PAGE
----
House of Cards, the Netflix series about a lethally unscrupulous Washington politician, is a wonderful show, but it does sometimes stretch the limits of credulity. I have no trouble believing that a Democratic congressman would push a reporter in front of a train, but the idea that anyone in the press would try to expose him for it is flat-out ridiculous. After all, Barack Obama has been pushing reporters under the bus for six years and nobody’s said a word. Ah, well. If the show gives leftist politicos nightmares about being held accountable for their actions by American journalists, they can simply keep repeating, “It’s only a movie, it’s only a movie.”

House of Cards does pose a more realistic threat to leftists, however: their 40-year monopoly on artistic political statements—and their tacit blacklist of anyone who tries to make opposing statements—may finally be coming to an end. House of Cards is not, as left-wing activist Randy Shaw wrote in a blithering and inattentive pieceon Huffington Post, a “Republican fantasy world,” but it is not pure leftist cant, either. And that in itself makes it something of a New Thing on the show-business landscape.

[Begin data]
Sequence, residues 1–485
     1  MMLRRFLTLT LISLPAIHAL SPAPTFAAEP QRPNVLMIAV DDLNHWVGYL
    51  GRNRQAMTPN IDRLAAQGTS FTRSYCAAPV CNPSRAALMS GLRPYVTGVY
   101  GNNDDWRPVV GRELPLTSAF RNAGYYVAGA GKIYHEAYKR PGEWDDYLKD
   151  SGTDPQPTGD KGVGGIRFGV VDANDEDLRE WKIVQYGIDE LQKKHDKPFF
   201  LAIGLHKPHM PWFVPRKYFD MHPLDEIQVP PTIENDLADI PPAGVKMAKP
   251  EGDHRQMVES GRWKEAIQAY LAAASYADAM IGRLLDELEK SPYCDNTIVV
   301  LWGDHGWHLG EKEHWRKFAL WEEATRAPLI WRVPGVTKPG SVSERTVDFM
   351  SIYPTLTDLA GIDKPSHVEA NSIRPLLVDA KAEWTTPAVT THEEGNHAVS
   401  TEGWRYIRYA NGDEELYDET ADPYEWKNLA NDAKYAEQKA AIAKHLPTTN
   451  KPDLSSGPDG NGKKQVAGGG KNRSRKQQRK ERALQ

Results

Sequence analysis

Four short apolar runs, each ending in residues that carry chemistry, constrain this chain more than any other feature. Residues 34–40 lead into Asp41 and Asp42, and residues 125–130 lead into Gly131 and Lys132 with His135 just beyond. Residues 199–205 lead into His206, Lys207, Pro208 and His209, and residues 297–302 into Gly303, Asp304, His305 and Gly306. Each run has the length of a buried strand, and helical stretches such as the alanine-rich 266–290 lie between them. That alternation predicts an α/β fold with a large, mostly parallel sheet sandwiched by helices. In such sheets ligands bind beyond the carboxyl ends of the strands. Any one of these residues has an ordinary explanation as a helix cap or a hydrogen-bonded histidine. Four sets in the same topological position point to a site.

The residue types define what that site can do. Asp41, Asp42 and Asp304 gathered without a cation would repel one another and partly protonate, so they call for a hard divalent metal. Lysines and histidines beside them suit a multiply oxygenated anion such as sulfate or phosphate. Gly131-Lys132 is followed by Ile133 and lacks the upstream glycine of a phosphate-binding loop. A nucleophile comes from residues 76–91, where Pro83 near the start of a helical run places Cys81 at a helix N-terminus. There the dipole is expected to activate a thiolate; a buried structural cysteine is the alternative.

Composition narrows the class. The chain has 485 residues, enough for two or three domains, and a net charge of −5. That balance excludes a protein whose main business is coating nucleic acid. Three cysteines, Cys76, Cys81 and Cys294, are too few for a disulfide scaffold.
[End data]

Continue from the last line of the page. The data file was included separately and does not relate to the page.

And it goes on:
You can experience the wonder of the whole thing here.

The Homelanders Hits The Mark

March 3rd, 2014 - 4:33 pm

I can’t help but brag at this exceptionally nice post from an exceptionally good source. is — as you might be able to guess — an online source of books for young people. Last week, they put up a post publicizing their support for my Homelanders series. These four books are now out in a single volume. They tell the tale of  a patriotic teenager who goes to sleep in his own bed one night and wakes up in the clutches of murderous jihadis. The series has remained popular since it began publication in 2009. has this to say: